The results page returns basic information, such as names, RefSeq ID, chromosomal locus and exon/intron positions of the bZIP TF protein examined. By clicking on the 'Protein interaction' or 'Target genes' menu on the right side of the results page, researchers can recover detailed reports on protein-protein or protein-DNA interactions of bZIP TF, respectively (Fig. 2B and 2C) to facilitate further analysis. These include official symbol, organism, interaction type, TF binding sites and positions, cell lines, and PubMed id, among other information. An external link to NCBI RefSeq and PubMed is provided for each interaction and gene. If the organism is not specified in the literature, it is impossible to ascertain gene identity (RefSeq ID). In this case, the positions are denoted 'U' (unspecified). A bZIPDB report of human JUN is shown as an example (Figs. 2B and 2C). In bZIPDB, 148 protein-protein and 88 protein-DNA interactions are accessible, while 110 protein-protein and 51 protein-DNA interactions are retrieved from HPRD and TRANSFAC, respectively. Moreover, these two databases do not use official symbols in the search and result pages, and are therefore difficult to exploit in terms of bZIP TF analysis. The official symbols are very important, since they greatly facilitate integration between various information sources, e.g., microarray and interaction data. bZIPDB contains more information on human bZIP TFs than other databases, and is therefore more useful for the analysis of these proteins.
Interactions within specific cell lines can be viewed on the 'Cellular Network' page (Figure 2D). In total, 12 popular cell lines are listed. By clicking on the name of the cell line, researchers may retrieve associated interactions from the database. The result format is similar to query results of individual bZIP TF proteins. Data in bZIPDB are available in a tab-delimited format on the 'Download' page. Interaction data subsets (protein-protein and protein-DNA) are also available in either the tab-delimited or the simple interaction format (SIF), supported by Cytoscape , a visualization and integration tool.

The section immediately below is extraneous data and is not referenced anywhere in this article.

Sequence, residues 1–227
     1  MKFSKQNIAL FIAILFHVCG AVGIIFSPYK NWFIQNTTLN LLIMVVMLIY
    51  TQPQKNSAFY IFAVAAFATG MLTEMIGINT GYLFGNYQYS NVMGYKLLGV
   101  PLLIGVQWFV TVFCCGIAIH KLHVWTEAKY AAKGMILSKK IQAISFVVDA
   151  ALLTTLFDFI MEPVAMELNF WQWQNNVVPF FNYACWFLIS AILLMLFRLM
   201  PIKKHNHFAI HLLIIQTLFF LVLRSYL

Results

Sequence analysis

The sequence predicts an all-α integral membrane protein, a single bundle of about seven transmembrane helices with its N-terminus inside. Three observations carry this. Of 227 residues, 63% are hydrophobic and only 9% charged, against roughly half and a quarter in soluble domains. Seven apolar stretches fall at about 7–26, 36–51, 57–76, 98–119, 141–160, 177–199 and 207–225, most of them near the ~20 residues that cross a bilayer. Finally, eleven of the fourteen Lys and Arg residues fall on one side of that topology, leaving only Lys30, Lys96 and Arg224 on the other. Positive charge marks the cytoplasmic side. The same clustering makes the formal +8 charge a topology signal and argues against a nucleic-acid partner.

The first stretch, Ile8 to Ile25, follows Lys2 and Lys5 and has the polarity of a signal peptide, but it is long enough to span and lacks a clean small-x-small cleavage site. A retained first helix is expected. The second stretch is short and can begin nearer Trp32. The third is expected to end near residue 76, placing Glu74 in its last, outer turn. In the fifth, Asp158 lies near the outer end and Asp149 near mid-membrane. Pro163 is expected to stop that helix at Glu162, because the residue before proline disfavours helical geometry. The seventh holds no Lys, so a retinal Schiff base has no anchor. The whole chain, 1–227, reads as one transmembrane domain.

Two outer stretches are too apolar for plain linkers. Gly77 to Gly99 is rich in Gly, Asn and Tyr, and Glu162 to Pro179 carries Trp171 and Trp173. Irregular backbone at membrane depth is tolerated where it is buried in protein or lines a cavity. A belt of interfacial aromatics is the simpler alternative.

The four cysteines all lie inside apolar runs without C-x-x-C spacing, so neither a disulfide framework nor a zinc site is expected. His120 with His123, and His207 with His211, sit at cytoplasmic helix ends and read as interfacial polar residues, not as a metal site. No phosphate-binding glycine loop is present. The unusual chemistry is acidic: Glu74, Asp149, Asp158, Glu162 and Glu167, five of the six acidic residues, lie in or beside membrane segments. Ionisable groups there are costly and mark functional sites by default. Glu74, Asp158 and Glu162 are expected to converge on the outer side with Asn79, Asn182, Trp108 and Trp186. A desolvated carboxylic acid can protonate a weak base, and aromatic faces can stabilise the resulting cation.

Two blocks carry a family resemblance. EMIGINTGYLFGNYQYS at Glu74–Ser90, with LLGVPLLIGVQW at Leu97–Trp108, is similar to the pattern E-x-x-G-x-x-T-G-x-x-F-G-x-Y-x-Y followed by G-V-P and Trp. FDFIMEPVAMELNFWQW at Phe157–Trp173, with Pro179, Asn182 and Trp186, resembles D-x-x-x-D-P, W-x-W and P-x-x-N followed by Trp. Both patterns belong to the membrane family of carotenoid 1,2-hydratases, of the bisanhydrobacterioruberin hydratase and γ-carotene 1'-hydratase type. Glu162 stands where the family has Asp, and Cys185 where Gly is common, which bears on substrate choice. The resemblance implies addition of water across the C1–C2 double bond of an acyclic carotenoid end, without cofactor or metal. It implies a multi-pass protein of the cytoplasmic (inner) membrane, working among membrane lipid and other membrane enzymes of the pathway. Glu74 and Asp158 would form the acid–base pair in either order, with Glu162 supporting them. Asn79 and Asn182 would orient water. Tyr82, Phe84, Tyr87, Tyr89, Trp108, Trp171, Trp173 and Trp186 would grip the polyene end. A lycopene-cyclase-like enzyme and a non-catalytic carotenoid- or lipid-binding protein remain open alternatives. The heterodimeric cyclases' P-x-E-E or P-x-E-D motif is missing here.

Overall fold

bZIPDB aims to serve as a portal for researchers studying the human bZIP TF family. To date, the database has focused on amassing the relevant literature data. However, the updated version of bZIPDB will provide other types of data. One data category involves the potential target genes of bZIP TFs, which are computationally predicted using phylogenetic footprinting and motif search algorithms [19, 20]. Another is genome-wide mRNA expression profiles, which are accumulated in public databases, such as NCBI GEO . Differential expression patterns of bZIP TFs will be collected along with relevant information, such as experimental conditions and cell lines. Since integration of interaction data from different databases is an important issue, collected data will be subjected to the HUPO PSI's molecular interaction format . Finally, the database will be updated annually.